Caramel Ukuleles–in the light of Got a Ukulele’s Review

A couple of weeks ago, Barry Maz ( posted his review of the Caramel Zebrawood Concert (of which I have overseen the purchase of 40 such instruments) and he truly disliked the instrument.  You can see the review here:

If you chose not to access the article, here are Barry’s concerns:

  • Cheap price–ridiculously low
  • Straight from Amazon, eBay, or the factory (no set-up)
  • Long wait for delivery (4 weeks)
  • Zebrawood (Barry isn’t a fan) laminate
  • Thicker Zebrawood laminate at that
  • Sun motif around the rosette (overdone)
  • Overly chunky bracing
  • Messy interior: glue and wood shavings
  • Photocopied label that is illegible in the ukulele
  • Poorly finished satin coat
  • Scuffs and chips in binding and overall construction
  • Bridge and fretboard need oiling
  • Fretboard appears to dip into the soundboard of the ukulele
  • Poorly dressed, sharp frets
  • Headstock is reminiscent of a Kaniel’a
  • Frosted plastic tuner buttons
  • Cheap quality tuners
  • Little sustain
  • Generic sound quality
  • Intonation issues that MIGHT be solved with a set-up

To be honest, I was disappointed by Barry’s review.  Please note that I won’t disagree with any of his observations.  His main concern was that the ukulele may have serious build issues–and that is where I disagree.  I have looked at his picture, as well as our Caramels, it it appears that Caramel shapes the end of the fretboard down.  If you look at Barry’s picture of the “dip,” you can see that the soundboard (face) of the ukulele isn’t dipping at all.  I would also say that Barry forgot to mention the nut. The nut on every one of our Caramels was sharp and needed to be sanded down.  I have looked inside many Caramels–our earliest ones (February 2016) had crooked bracing–but I would say that our most recent instruments have been tidy and clean inside (I could care less about the label), more so than some other “big name” ukuleles that I own!  I can’t really if the bracing is chunkier than any other brand–but Barry has played well over 500 models of ukulele, and I believe him.

Barry is right…if you can afford more money–it may be beneficial to get ukuleles from a reputable dealer who will set them up for you before shipping them out.   The Caramel’s aren’t “overly resonant” with sustain and have a very basic sound.  And they do need set-up work.  But if you are a teacher needing a set of ukuleles, and you can do some of the basic set-up work, $37 for a concert ukulele (direct from the Caramel website) is hard to beat.  Sure, you could buy something like the Makala C (my first ukulele was a Makala CE, and I still own it) but the Makala C begins at $65 (not counting shipping).  A set of 30 ukuleles becomes a $900 difference…or nearly double the cost.  For even better ukuleles, add more investment.  

I “get” that ukulele purists want people to play on good instruments that play well and sound terrific.  That doesn’t match the reality of sets of ukuleles in school (which are likely out of tune with each other anyway); and it also doesn’t reflect the issue of the beginning player who isn’t fully committed to a ukulele, where $37 might be worth a gamble, but crossing the $50 line becomes a “real” purchase.  

In reality, the most recent Caramels have come with generally good action (as Barry mentioned), better dressed frets (which have become exposed as the fretboards dry out in the school and need to be sanded down), and that “general” sound.  And to be honest, the Makala Dolphins, (old) Ukadelics, and even my Makala CE that I have played since Barry’s reviews have not been in tune as you progress down the neck past the 5th fret.  So Caramel doesn’t have an angle in the market in selling ukuleles that are not professionally set-up and don’t play in tune down the neck (although our most recent Caramel DOES play in tune down the neck). New Caramels are coming with a pin-bridge, and I am tempted to buy one of them.  Caramel plans to add side marker dots to instruments later in the year, and to start shipment from a US warehouse this year.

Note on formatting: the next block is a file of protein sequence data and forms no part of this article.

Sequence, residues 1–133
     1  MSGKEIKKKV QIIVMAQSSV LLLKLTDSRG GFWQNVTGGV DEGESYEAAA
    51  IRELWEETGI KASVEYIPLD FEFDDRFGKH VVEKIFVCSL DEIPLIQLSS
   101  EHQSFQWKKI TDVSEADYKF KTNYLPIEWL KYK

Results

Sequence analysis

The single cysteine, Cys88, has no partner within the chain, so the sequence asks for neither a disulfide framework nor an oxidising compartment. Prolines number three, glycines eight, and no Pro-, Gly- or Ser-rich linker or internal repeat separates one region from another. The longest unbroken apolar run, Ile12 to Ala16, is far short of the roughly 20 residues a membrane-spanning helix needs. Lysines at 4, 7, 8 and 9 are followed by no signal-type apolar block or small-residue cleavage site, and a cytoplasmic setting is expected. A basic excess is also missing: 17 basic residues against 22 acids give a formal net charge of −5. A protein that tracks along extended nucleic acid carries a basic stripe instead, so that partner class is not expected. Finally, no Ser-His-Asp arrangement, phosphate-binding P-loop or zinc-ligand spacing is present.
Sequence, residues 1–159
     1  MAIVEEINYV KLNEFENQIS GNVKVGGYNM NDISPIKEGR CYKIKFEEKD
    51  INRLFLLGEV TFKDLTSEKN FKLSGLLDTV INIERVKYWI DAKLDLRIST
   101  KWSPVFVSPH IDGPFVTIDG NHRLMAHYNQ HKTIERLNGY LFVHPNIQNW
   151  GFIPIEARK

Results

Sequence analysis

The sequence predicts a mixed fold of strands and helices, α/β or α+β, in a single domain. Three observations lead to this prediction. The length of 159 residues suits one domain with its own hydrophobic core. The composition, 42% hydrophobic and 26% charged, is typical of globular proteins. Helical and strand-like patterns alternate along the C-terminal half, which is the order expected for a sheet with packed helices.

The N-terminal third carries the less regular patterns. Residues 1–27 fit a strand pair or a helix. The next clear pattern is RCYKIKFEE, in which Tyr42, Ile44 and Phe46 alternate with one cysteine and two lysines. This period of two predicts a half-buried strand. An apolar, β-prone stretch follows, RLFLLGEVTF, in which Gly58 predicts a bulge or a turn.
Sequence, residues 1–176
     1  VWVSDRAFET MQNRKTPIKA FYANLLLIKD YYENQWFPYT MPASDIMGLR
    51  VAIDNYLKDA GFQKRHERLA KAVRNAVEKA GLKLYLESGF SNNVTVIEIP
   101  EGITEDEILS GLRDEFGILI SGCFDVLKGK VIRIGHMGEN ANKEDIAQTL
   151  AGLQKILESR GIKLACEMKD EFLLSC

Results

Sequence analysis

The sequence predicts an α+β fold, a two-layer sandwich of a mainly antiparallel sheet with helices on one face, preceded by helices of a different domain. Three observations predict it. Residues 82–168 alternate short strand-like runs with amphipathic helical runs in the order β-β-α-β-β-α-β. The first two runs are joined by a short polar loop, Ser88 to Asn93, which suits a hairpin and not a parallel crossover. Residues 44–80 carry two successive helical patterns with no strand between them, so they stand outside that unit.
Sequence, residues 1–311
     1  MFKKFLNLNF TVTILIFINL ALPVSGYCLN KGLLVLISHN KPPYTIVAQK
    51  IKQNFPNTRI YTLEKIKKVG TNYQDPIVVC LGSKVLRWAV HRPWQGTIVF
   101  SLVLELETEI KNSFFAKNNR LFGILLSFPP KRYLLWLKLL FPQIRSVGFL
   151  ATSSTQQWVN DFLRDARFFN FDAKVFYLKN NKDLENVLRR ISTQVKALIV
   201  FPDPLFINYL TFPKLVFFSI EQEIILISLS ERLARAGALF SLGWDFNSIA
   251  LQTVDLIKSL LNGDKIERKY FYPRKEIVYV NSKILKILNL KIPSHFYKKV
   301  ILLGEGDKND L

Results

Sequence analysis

Again–I am not doubting Barry.  In the world of ukulele, he is one of my heroes, and this was a ukulele that he spent his own money to purchase and review.  This is what he was sent.  I have ordered 52 Caramels to this date–and they are getting better–and I would order more.  Not as my primary instrument, but as an instrument for a school or a non-committed beginner.  If you also need a “beater ukulele” that can be used for camping–this is also a pretty good bet.  If a school can afford better instruments–then by all means, go for it.  If a beginner can afford a Kamaka, go ahead (that Kamaka likely needs to be set up, too).  But if you are a teacher in a situation like mine, where you are raising your own funds for instruments–the generic quality of the Caramel becomes attractive.  Furthermore, our Caramels have survivied the tough environment of our school (and sometimes intentional abuse by our students), whereas two of our lovely Mainlands were damaged in a single accident this past fall, not long after receiving those instruments!  And incidentally, the tuners may be cheap, but they are functional.  I haven’t had to replace any, but I have had to replace tuners on two of our Waterman ukuleles (Kala was wonderful with support).

What I would say is this: by a $37 ukulele, and be aware that you will have some work to do, and that sound will be generic.  If you have more to spend…contact some of those great ukulele shops (Mim’s and Uke Republic still deal with “low end” sales) who include set-ups with their ukuleles.  And don’t hesitate to contact Mike at Mainland Ukuleles…particularly if you have an environment where you can care for those instruments (e.g. Humidity).

As a final note, check out Vic’s videos about his Caramel (which has the new bridge):


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